Medicinal cannabis black market worries TGA

cannabis medicinal

The TGA has criticised claims that red tape turns patients to black market cannabis

And one medicinal cannabis stakeholder says that doctors are unready when it comes to prescribing the drug.

The TGA has responded to claims made on the Lateline program that patients are turning to the black market for medicinal cannabis products because of excessive red tape, principally in seeking approvals under the Special Access Scheme Category B.

“This scheme has operated for many years and the TGA provides over 20,000 approvals per year for doctors to prescribe a range of unregistered medicines,” the TGA said in a statement.

“Clearly, it can and does work efficiently to meet the needs of patients.

“Why are prescription levels for medicinal cannabis products relatively low? The Lateline story itself provided the answer. One of the interviewees, Justin Sinclair, stated, ‘There is a great paucity of evidence in the literature, at least when it comes to human trials’.”

The TGA says that Australia’s evidence-based system of medicine provides for the best possible care and protection of patients.

“Mr Sinclair is correct and the very fact that there is a great paucity of evidence, including that of safety, means that it would be inappropriate to allow access without appropriate clinical oversight and would risk the health and safety of patients,” it explains.

“Doctors that have educated themselves on the available evidence and present their clinical justification can, and are, receiving rapid approvals (often within two working days) under SAS Cat B.”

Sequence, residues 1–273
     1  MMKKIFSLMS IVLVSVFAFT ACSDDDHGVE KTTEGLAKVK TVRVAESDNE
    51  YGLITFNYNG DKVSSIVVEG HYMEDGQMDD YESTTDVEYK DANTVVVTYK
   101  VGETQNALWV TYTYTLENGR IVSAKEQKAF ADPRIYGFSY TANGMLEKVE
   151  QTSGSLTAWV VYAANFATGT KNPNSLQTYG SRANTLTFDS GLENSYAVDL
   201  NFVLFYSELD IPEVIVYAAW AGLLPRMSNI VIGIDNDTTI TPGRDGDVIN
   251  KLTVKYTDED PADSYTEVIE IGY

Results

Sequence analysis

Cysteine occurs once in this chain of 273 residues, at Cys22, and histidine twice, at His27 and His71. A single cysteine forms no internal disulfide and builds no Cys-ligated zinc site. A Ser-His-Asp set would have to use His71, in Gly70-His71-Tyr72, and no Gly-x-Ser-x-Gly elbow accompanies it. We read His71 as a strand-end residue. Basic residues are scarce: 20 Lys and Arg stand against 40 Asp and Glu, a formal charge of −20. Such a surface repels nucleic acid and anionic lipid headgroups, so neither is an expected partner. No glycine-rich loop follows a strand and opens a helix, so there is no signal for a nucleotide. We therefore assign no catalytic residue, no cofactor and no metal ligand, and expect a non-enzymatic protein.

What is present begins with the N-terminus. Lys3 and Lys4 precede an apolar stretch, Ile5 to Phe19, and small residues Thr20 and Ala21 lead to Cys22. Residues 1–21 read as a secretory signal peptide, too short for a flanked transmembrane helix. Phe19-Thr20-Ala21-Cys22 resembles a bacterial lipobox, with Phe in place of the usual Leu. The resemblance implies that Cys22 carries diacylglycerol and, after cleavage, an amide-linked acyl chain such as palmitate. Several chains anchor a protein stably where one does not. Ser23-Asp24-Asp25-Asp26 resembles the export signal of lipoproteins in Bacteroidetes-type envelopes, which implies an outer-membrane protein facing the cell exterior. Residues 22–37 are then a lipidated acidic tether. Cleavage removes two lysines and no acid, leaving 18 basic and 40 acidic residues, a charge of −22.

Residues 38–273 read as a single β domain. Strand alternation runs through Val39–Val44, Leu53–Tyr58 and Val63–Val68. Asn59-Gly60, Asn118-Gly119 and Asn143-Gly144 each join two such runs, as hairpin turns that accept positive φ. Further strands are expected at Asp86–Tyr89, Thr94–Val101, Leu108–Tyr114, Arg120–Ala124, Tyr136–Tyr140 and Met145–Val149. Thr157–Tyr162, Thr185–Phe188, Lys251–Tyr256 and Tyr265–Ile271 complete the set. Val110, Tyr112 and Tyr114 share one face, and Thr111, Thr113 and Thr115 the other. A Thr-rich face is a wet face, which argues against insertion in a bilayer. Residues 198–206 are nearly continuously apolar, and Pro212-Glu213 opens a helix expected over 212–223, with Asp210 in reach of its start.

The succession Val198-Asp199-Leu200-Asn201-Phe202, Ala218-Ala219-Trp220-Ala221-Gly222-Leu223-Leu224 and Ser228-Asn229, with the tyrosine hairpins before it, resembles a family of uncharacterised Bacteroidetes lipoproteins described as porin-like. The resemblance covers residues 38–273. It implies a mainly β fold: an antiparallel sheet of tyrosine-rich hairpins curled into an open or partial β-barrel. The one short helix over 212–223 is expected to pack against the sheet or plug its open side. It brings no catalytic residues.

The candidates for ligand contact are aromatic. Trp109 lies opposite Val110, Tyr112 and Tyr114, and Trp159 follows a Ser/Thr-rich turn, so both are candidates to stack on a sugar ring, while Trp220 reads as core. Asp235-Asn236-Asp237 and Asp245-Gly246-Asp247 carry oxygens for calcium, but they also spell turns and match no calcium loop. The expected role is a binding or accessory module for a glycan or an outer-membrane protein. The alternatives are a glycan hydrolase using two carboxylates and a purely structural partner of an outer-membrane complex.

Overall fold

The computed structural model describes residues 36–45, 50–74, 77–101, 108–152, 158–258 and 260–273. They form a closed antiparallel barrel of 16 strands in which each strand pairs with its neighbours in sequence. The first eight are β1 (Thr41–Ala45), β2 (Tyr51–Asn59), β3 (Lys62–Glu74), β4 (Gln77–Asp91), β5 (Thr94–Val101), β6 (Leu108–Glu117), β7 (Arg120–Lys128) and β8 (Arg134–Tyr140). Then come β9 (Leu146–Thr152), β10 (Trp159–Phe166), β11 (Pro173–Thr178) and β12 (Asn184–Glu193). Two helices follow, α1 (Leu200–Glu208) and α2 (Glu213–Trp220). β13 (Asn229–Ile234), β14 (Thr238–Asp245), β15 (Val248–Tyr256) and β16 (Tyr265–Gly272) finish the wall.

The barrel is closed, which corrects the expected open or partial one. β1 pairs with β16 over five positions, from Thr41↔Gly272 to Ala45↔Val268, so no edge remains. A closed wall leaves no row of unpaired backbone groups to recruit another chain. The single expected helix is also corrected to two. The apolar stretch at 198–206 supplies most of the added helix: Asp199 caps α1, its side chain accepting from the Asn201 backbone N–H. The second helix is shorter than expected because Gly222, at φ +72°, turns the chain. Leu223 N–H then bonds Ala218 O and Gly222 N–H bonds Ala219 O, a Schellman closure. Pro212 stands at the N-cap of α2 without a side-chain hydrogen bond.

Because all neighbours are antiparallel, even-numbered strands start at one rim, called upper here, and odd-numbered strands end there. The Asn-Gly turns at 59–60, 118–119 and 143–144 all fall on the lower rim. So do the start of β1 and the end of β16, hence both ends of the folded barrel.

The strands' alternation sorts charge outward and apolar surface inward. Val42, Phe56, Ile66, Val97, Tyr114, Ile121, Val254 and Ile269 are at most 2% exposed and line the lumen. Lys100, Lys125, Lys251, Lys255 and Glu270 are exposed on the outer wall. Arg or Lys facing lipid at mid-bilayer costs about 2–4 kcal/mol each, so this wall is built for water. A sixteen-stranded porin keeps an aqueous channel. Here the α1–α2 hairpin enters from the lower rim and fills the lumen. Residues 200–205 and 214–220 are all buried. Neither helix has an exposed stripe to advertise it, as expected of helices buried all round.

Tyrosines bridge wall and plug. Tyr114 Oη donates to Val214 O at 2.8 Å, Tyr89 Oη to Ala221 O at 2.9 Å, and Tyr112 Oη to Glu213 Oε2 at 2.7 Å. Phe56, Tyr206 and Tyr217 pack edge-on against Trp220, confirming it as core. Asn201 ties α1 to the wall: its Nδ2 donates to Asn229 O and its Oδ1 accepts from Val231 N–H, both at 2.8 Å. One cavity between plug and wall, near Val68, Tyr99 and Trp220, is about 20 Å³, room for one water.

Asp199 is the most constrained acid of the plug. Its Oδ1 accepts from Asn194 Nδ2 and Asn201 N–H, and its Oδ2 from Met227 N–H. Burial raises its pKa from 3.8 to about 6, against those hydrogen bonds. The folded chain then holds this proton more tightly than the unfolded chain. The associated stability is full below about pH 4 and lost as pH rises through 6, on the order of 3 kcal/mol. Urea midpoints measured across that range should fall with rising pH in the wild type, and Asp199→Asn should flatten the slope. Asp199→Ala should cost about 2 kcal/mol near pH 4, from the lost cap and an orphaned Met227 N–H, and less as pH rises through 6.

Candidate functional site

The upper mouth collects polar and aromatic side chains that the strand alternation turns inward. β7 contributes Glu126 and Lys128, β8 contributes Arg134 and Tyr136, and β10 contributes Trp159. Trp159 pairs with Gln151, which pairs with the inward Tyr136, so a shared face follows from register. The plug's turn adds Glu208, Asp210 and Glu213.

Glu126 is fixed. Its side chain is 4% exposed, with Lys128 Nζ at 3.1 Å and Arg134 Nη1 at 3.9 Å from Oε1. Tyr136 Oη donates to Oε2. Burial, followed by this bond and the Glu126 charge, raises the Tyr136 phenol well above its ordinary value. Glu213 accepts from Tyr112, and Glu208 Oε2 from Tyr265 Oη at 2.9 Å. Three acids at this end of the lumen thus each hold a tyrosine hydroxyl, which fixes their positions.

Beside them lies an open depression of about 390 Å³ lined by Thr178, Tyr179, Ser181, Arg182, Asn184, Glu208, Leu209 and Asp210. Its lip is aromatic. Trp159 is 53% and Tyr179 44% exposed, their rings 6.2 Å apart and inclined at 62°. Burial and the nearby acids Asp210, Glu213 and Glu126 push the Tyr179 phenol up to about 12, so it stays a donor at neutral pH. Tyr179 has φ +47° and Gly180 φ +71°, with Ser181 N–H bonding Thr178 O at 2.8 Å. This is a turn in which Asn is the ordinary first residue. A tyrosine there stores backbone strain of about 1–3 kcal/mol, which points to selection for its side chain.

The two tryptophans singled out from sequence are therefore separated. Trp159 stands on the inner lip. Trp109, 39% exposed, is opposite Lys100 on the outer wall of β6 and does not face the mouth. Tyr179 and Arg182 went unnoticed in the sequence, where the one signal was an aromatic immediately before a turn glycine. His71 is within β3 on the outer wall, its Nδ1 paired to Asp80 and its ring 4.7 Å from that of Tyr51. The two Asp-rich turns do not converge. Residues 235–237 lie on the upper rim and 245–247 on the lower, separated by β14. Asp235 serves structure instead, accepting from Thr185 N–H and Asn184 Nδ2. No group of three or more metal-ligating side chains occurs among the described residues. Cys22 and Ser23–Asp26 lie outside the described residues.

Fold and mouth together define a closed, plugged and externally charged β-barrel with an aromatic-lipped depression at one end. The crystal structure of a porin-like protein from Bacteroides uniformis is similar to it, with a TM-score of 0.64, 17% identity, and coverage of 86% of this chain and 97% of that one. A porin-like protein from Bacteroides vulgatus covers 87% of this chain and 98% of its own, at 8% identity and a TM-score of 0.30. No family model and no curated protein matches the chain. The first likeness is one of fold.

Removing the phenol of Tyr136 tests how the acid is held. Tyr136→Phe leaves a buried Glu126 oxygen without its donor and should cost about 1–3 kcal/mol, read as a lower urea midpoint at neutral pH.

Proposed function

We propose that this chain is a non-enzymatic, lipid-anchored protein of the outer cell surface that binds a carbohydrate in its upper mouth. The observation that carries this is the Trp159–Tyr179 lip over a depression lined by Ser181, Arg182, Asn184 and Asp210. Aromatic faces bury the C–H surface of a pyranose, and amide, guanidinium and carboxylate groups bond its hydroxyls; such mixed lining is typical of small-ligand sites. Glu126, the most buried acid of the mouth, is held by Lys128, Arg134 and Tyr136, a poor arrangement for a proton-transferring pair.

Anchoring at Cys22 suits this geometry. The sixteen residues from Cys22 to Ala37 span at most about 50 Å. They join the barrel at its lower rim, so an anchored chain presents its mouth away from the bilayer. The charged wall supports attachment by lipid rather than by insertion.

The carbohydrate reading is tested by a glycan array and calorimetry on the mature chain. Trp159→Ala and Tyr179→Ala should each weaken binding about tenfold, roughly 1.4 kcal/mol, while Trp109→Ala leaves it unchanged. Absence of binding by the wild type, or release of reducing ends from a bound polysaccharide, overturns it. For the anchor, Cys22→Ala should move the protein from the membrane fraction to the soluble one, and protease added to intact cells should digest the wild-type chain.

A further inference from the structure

The TGA warns that medicinal cannabis products are not treatments of first choice because they have not yet been assessed for safety, quality and efficacy.

“Until they are, it is appropriate to protect patient safety to ensure that doctors using these products are making an appropriate clinical decision based on sound evidence,” it says.

The TGA says it is working with states and territories to make it easier for doctors to assess evidence on medicinal cannabis products, bringing together clinical guidances to assist in prescribing decisions.

The first of these, on epilepsy and palliative care, will be available before the end of the year.

It says it is also working to streamline necessary state based approval processes.

“The TGA is responsible for the supply of the product, while the states retain responsibility for approving doctors to handle schedule 8 substances. This is no different to any other schedule 8 medicine.

“The TGA is very concerned about patients deciding to use black market products. Testing of these products has revealed in the past that they are not always as advertised and can contain dangerous levels of contaminants and other substances.